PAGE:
So I called again. Rob and Jakob, his business partner and Chief Creative Officer, were on their way to a summer retreat for the weekend. I was on the deck of a friend's house in San Francisco, pleading my case. I needed to work with Syrup.
And they finally agreed. They love me and they loved my idea. They would make it work. And boy did they make it work.
So on September 12th, 2007, as I walked across Canal Street, ready to kick-off the work for SavvyAuntie.com, champagne bottle in hand, I was confident I was making the right decision. The incredibly talented team at Syrup would help make Savvy Auntie the premier destination for aunts.
And it is.
In that meeting, I told Jakob and his team that I wanted to win a Webby Award for best Family site for SavvyAuntie.com. It had to be that good.
And it is.
I found out earlier this week that SavvyAuntie.com and Syrup are nominated for a Webby Award for Best Family/Parenting Website. The other nominees include Disney's Family.com, WebMD.com/Parenting and Kaboose.com. Just to be nominated among them is no small feat.
The nomination means that SavvyAuntie.com is among the best of the best. And there were tens of thousands of entries for the Webby Awards this year.
I'd like to say thank you to Rob, Jakob, Omino, Dana, Paul, Joerg and everyone on the team that made this happen. And since the nomination is also based on content, I'd like to thank all the Savvy Experts and guest Experts who have contributed. And thanks to all the Savvy Auntie members who have posted their own content to the site. And to Dave Finkelstein of Quarksoft which built the site.
And I'd like to thank you, Dear Readers, who have supported me all this time.
While the Webby Awards is presented by the International Academy of Digital Arts and Sciences, a 650-person judging academy whose members include Internet co-inventor Vinton Cerf, R/GA's Chief Bob Greenberg, "Simpson's" creator Matt Groening, Arianna Huffington, and Harvey Weinstein, there's also a way that you can show your support, if you like.
The Webby Awards People's Voice awards let's fans vote for their favorite in each category. To vote, you must register and go to the Living section and choose Family/Parenting here: http://savvyauntie.com/l/Webby. It's Auntie vs Goliath as I am up against major-league companies for votes. But that's never stopped us, has it?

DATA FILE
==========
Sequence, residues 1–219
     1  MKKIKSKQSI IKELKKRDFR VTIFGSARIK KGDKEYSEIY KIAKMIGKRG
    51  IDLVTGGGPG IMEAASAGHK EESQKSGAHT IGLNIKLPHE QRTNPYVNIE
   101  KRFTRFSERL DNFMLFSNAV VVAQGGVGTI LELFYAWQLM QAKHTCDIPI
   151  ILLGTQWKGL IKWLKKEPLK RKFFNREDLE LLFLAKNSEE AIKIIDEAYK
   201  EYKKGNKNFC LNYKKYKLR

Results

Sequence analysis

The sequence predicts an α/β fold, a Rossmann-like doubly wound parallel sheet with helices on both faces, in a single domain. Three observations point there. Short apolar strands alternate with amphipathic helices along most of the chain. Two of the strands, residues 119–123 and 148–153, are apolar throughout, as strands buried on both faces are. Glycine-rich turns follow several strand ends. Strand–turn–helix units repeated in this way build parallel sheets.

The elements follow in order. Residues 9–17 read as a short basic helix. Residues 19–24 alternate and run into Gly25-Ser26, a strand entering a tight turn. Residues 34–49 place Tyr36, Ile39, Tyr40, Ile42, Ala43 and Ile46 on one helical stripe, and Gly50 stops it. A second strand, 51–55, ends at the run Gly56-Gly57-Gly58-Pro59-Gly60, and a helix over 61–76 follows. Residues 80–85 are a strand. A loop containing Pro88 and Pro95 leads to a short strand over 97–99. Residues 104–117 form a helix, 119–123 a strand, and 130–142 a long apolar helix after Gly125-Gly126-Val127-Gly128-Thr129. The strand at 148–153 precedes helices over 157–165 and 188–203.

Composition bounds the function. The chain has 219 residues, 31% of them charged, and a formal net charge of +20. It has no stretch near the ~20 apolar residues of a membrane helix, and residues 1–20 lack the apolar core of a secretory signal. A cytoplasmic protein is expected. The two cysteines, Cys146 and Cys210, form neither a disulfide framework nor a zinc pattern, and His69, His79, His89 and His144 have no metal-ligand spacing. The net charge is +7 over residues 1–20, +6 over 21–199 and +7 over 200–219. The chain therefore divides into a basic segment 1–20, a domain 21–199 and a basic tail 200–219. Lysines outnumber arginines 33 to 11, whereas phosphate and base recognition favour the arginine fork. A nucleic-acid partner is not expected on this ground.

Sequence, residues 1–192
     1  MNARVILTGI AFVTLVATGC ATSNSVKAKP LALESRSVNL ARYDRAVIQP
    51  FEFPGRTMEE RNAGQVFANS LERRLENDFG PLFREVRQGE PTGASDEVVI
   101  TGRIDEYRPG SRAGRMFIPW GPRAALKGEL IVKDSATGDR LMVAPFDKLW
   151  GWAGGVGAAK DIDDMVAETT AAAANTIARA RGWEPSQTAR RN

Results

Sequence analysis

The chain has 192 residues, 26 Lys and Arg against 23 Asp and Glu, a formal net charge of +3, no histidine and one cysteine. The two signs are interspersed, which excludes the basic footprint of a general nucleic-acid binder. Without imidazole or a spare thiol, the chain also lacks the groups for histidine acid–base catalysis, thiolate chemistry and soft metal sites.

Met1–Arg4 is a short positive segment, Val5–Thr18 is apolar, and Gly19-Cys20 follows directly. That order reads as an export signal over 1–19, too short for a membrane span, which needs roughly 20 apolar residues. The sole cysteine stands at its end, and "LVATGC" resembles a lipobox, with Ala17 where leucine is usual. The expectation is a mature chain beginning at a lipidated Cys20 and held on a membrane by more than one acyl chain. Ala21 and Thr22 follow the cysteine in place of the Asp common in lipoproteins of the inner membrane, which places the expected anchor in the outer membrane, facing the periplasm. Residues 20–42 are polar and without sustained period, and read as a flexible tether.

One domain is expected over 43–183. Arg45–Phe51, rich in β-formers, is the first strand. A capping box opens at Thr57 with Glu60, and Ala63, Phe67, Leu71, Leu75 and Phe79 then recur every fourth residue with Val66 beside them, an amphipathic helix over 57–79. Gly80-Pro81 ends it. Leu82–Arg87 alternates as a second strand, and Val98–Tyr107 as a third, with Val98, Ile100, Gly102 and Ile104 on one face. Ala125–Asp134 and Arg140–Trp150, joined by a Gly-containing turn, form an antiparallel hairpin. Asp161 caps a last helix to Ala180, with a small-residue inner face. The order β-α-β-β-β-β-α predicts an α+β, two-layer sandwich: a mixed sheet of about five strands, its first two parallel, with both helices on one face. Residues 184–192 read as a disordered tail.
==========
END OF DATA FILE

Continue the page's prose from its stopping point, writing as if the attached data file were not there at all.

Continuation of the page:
It IS an honor to be nominated. Truly. And on May 5th, when the winners are announced, hopefully I'll find myself crossing Canal Street, with a bottle of champagne in my hands....
Sunday, April 5, 2009
I'm fortunate in that in a relatively short period of time, I've managed to gain some great momentum for my company. And more than ever, I've been receiving emails, Twitter direct messages, Facebook messages, texts and IMs from friends and acquaintances, friends of friends, friends of acquaintances, some virtual and some IRL, all asking me how I "did it."
Naturally, it's a challenge for me to respond to everyone the way I'd like to - which is to give them my undivided attention and support - but I just can't. It's becoming more than I can handle. So I thought I would just simply put my secret recipe here. Of course, as with every recipe, the final outcome is in the hands of the chef. Nevertheless, this is my three-pronged approach for success:
Strong Product. Powerful Niche. Social Influence.
As you know from my story, I invested my life savings into SavvyAuntie.com - the product. All of our constituents (consumers, advertisers, media, etc) are human, and they all either 'get it' immediately, or they don't. I believe you only have one chance to make a good first impression. Don't blow it with a product that's not great. You may never get a second chance.
It worked for me. Twenty-three minutes after I launched, I received an email from the digital media buyers for Hasbro. They wanted in. An hour later, Sephora contacted me. And so on.
So product, product product. It can't be good. It's got to be great.
There's no point to a great product, if no one wants to experience it. You need a powerful niche. PANKs - Professional Aunts No Kids - is a segment I carved out of the population of American women that I feel are under-served, untapped, and incredibly powerful.
Know who you are talking to, or they won't listen.
Finally, there's social influence. I realized shortly after I launched that people were interested in my voice and any value I might be able to add. With close to 8000 Followers on Twitter, a regular 'gig' on Fox News, representing brands online and on TV, and introducing sponsored conversations people enjoy being a part of, my influence is a great asset to my company.
By the way, social influence was never a part of my original plan. The social media platforms that have really become invaluable to me (Twitter, Facebook, this Blog), enabled me to realize my passion for connecting with people and being part of online communities, was something that could actually help grow my brand reach. Timing is everything. I started my company as these tools we taking off. It's not too late for you. But go build your voice online. Add value. Create influence.
My advice to anyone thinking about starting a company: Make sure you invest in the development and design of your product, identify a niche that people "get" and use your own social influence to leverage greater reach.
Of course, none of this works without a lot of hard work and determination. So be prepared to work harder than you have ever worked in your life. And be prepared to be happier than you've ever been.